Most business schools and their constituencies have been satisfied with this approach, and for good reason. When American managers have been forced to confront different cultures and business systems directly, it has often been in Europe, with its linguistic and cultural similarities to North America. In non-European business environments, American managers have usually been able to delegate the task of intercultural negotiation to foreign nationals who are fluent in English, often through living and studying in the United States. The economic emergence of Asia, however, has brought all of this into question. To quote an American executive with extensive experience in China: China isnt just a different country. China is a different world. It is impossible, for example, to understand the climate for foreign investment in China without first appreciating the long and paradoxical relationship that China has had with the West. Nor can the nature of business in Southeast Asia be appreciated unless the there is some understanding of the history of ethnic Chinese populations in the regions business centers. There are also serious shortages of managerial talent in virtually all of the major business centers of Asia outside of India, with the result that salaries for local managers are rising rapidly and that job-hopping has become common in such cities as Hong Kong and Singapore. Americans and other expatriates often have to be used to provide some continuity, with the result that they are forced to negotiate with the local culture without intermediaries.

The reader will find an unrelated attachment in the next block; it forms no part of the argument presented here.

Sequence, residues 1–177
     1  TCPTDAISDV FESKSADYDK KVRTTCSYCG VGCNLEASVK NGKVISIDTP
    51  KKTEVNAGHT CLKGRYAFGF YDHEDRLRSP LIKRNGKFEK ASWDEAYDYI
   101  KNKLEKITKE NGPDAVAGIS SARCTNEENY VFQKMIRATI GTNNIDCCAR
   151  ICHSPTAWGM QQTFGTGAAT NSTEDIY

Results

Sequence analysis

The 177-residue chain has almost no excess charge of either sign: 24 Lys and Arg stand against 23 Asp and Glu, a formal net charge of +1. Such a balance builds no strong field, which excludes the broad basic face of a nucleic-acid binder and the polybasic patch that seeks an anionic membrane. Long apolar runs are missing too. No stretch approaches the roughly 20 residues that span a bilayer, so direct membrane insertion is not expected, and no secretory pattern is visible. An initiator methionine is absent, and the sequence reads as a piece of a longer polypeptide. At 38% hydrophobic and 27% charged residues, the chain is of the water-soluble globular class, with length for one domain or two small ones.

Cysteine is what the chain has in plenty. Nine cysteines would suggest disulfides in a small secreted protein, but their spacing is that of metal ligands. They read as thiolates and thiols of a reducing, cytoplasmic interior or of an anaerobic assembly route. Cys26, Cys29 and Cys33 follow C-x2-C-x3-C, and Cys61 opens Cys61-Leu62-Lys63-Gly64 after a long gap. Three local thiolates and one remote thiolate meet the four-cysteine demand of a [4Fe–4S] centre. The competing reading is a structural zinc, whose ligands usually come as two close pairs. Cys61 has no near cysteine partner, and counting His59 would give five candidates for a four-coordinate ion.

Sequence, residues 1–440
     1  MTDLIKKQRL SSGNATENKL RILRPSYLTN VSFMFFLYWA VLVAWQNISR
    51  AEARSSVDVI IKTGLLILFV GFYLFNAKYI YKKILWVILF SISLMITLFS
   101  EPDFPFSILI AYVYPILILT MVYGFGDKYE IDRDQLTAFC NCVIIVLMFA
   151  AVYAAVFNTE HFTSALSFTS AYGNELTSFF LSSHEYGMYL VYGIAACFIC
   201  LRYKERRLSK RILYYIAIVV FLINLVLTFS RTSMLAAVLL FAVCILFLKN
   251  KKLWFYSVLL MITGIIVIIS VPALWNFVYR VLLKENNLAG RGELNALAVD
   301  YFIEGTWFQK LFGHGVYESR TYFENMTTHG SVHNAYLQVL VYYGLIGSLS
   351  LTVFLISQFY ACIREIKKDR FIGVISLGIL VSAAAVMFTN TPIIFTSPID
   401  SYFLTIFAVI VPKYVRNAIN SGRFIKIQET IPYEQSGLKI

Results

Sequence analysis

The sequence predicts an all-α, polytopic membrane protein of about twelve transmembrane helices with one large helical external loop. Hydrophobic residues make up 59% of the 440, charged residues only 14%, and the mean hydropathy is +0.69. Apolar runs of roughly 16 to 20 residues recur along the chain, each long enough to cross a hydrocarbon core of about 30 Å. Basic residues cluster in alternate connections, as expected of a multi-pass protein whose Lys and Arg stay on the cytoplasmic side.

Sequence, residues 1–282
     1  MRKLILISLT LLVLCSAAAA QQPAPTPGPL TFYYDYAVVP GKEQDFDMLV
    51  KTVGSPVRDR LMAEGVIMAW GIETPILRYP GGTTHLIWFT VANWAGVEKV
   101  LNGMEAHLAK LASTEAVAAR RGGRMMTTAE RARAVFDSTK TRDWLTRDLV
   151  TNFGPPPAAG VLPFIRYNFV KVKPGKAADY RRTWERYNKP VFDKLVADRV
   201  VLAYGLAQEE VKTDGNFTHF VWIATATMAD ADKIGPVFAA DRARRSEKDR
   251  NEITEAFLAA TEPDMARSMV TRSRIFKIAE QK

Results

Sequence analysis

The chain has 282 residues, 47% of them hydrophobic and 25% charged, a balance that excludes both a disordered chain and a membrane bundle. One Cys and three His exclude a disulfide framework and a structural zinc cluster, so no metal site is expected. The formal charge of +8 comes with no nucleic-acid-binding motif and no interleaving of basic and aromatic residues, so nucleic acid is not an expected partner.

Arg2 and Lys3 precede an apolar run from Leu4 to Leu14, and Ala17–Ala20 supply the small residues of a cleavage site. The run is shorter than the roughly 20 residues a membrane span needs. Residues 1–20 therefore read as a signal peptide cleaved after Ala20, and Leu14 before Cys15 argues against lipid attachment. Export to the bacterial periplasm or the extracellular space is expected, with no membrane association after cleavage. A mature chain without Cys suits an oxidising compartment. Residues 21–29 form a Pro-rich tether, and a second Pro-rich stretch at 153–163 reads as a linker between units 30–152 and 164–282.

The business schools reaction to this trend has been to place more emphasis on Asia in its curriculum. Two electives focus specifically on Asia business, with two more to follow in the next year. Other courses in corporate strategy, technology management, finance, accounting, and marketing all have a strong Asia focus. For students who are committed to becoming Asia specialists, there is a joint degree program that enables students to earn both an MBA and an MA degree in Asian studies over three years. Another aspect of the business schools Asia strategy is to significantly expand the size of this program through more publicity, additional fellowship funds, and closer relationships with recruiting companies.